Wildlife Biologists Give Genetics Increasing Role in Species Conservation

By Julie Buckles, | The Christian Science Monitor, September 14, 2000 | Go to article overview

Wildlife Biologists Give Genetics Increasing Role in Species Conservation


Julie Buckles,, The Christian Science Monitor


Genetic fingerprints, they're not just for people anymore. They are creeping into the wild, helping biologists understand and conserve rare and endangered species.

As in humans, a little reveals a lot in this brave new genetic age. One hair follicle, feather, drop of blood, or fleck of skin contains enough DNA to identify individual animals, their species, sex, maternity, and paternity.

Essentially tagging animals without ever touching them, wildlife biologists are identifying populations at risk, their habits, habitat, social structures, and breeding patterns.

Even law enforcement is now using it to solve wildlife-related crime cases like poaching, and the illegal sale and transport of protected species. The National Fish and Wildlife Forensic Laboratory, the only full-service wildlife crime lab in the world, uses DNA analysis on 25 percent of the 1,000 cases it sees each year, says lab director Ken Goddard.

The field of conservation genetics is so new as to only be given a name in the past decade. No one was thinking about genetics and wildlife 11 years ago, says George Amato, director of the Conservation Genetics Program at the Wildlife Conservation Society in New York. "Now we can't keep up with requests for research."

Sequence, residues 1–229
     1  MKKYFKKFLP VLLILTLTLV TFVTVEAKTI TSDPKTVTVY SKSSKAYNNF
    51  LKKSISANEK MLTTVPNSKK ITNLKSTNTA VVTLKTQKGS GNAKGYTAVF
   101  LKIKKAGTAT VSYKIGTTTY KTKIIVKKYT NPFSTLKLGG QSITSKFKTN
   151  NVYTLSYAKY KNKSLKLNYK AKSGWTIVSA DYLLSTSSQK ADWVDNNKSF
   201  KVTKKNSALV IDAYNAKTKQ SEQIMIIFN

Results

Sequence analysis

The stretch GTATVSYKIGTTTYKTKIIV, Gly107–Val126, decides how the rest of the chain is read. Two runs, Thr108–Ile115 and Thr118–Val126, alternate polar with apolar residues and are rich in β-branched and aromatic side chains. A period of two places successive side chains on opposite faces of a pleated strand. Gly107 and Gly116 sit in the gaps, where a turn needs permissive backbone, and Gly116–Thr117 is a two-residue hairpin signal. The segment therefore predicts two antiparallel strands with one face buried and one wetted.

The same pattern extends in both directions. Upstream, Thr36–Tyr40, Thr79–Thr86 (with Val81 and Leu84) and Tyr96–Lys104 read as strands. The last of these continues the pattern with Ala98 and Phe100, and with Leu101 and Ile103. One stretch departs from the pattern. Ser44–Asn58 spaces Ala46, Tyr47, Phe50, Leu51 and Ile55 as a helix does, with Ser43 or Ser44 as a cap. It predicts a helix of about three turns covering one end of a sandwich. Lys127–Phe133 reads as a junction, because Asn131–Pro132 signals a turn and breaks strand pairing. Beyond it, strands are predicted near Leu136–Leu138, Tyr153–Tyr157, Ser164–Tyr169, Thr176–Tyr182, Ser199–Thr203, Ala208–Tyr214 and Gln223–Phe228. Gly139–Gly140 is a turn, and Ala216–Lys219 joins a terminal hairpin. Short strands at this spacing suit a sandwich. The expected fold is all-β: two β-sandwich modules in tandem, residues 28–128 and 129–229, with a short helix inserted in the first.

In just the past few years, Mr. Amato's group has discovered two new species of deer in Southeast Asia and rediscovered one not seen for 60 years. They've assessed the genetic health of right whales - one of the most critically endangered marine mammals in the world - by comparing the DNA of century-old museum specimens with that of living whales.

And they've gained insight into the mysterious eastern lowland gorilla, a shy mammal that has historically eluded field biologists. Using DNA analysis, researchers collected naturally shed gorilla hairs in Kehuzi-Biega National Park in the Democratic Republic of Congo.

Lab results identified 65 individuals and confirmed that the eastern lowland gorilla is a distinct subspecies, different from the western lowland gorilla and the mountain gorilla. Applying the data, researchers then mapped the eastern lowland gorilla's genetic distribution, which showed that the park's narrow middle, where people lived, created a gate of sorts, stopping the gorillas from moving from one side to the other. Researchers recommended restricting human activity and/or expanding the park's middle to open the flow.

"This is the biggest revolution in wildlife management since radio telemetry, especially for these secretive forest creatures that are so difficult to monitor," says Katherine Kendall, a research ecologist at US Geological Survey, who is heading the Greater Glacier Area Bear DNA Project.

Not to mention those creatures that weigh 300 to 800 pounds and are sometimes dangerous.

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